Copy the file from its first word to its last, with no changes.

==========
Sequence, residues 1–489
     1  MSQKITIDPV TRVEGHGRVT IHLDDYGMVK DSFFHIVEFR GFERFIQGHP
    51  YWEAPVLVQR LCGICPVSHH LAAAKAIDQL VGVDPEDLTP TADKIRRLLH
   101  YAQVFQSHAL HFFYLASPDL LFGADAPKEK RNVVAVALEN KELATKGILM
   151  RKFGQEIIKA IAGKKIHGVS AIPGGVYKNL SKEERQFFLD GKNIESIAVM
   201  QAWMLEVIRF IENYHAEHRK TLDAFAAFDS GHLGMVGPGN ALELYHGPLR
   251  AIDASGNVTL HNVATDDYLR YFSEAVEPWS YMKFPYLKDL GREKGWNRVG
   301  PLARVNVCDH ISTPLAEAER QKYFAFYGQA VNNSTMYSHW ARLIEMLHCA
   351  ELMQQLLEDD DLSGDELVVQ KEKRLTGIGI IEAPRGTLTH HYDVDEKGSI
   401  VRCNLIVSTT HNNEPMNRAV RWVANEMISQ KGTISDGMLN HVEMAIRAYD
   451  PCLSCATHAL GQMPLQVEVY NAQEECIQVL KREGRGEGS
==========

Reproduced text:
Sequence, residues 1–489
     1  MSQKITIDPV TRVEGHGRVT IHLDDYGMVK DSFFHIVEFR GFERFIQGHP
    51  YWEAPVLVQR LCGICPVSHH LAAAKAIDQL VGVDPEDLTP TADKIRRLLH
   101  YAQVFQSHAL HFFYLASPDL LFGADAPKEK RNVVAVALEN KELATKGILM
   151  RKFGQEIIKA IAGKKIHGVS AIPGGVYKNL SKEERQFFLD GKNIESIAVM
   201  QAWMLEVIRF IENYHAEHRK TLDAFAAFDS GHLGMVGPGN ALELYHGPLR
   251  AIDASGNVTL HNVATDDYLR YFSEAVEPWS YMKFPYLKDL GREKGWNRVG
   301  PLARVNVCDH ISTPLAEAER QKYFAFYGQA VNNSTMYSHW ARLIEMLHCA
   351  ELMQQLLEDD DLSGDELVVQ KEKRLTGIGI IEAPRGTLTH HYDVDEKGSI
   401  VRCNLIVSTT HNNEPMNRAV RWVANEMISQ KGTISDGMLN HVEMAIRAYD
   451  PCLSCATHAL GQMPLQVEVY NAQEECIQVL KREGRGEGS